Posted in | Chemical Sensor

Artificial Antibodies Aid Fast Detection of Toxic Proteins in Food

Fujitsu and Nagoya University have developed a novel technology that helps in quick identification of venomous proteins which cause food toxicity.

A new sensor that can capture the proteins which are lethal in nature has been devised blending the use of synthetic antibodies (DNA aptamers) which is capable of capturing toxic proteins with a signal converter, which converts the outcome of toxic signals to optic signals. This unique sensor provides protein detection up to 100 fold quicker and stronger than the other currently employed methods. This sensor arbitrated approach can be utilized to ensure food safety.

Different types of proteins play a major role in the nurturing and revamping of body tissues and carry out extensive array of functions in movement, genetics, digestion and immunity, provides source of energy and is absolutely crucial for overall good health. Certain potent proteins such as botulinum toxins staphylococcus aureus and scorpion venoms are toxic to humans. Sterilization of food by heat kills harmful bacteria which thrive in it, whereas the toxins produced by the bacteria are heat resistant and can poison the food. By tracking down such poisonous protein toxins, food poisoning can be impeded.

Antibodies are proteins that detect antigenic toxins, and are found in blood or other fluids in the body and aid in identifying certain foreign proteins (antigens), there by providing immunity. Existing antibody mediated toxin detection method is quite expensive, time consuming and fails to meet the quality since it can be synthesized only on immune system in mammals, whereas, synthetic antibodies retain the antigen specificity, as conventional antibodies do not require a mammalian system and can be easily synthesized invitro.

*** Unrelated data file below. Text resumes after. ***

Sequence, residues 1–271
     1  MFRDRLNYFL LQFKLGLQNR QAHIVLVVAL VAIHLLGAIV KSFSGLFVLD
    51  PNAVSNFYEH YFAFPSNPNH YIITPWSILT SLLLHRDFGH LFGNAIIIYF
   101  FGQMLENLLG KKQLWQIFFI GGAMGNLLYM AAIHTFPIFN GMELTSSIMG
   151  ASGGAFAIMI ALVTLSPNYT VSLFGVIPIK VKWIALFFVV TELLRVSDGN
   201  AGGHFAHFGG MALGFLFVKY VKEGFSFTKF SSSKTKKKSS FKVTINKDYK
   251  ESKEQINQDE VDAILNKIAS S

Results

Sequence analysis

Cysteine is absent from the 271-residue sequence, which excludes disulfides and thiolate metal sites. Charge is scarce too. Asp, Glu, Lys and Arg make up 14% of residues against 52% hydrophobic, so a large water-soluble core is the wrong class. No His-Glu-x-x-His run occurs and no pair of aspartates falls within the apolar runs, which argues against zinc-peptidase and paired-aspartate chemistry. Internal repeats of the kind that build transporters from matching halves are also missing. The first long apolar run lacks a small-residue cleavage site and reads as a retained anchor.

This technology encompasses several features. At the outset, they synthesized antibodies with high affinity towards toxic proteins, using DNA and produced large quantities of these antibodies by random connection, yielding 1014 types of artificial antibodies. From this array they could choose toxic protein specific antibody and all these are subjected to various biochemical assays.

Second step was towards converting the signals. In this method synthetic antibodies having high kinship towards toxic proteins have been attached to the end of a fluorescent dye coated DNA-based signal converter. Upon binding of proteins with the antibody, the dye fluoresces and by noting the modulations in the dye’s luminence, the existence and quantity of toxins can be recorded exactly.

Third step was to develop a mechanism, to improve the sensor’s ability to identify toxins effectively. To achieve this objective, the fluid sample is allowed to flow onto the surface of the sensor, thereby enabling the synthetic antibodies coated on the sensor to identify and capture 90% of toxins in the fluid sample.

The results of this study clearly indicate the high-speed toxin detection ability of this technology which can be implied for quality checking in food industry providing safety.

Fujitsu University also plans to improve the antibodies affinity, and make it cost effective so that conventional antibody testing for diseases and food can be replaced by this artificial antibody technology.

Source: http://www.nagoya-u.ac.jp

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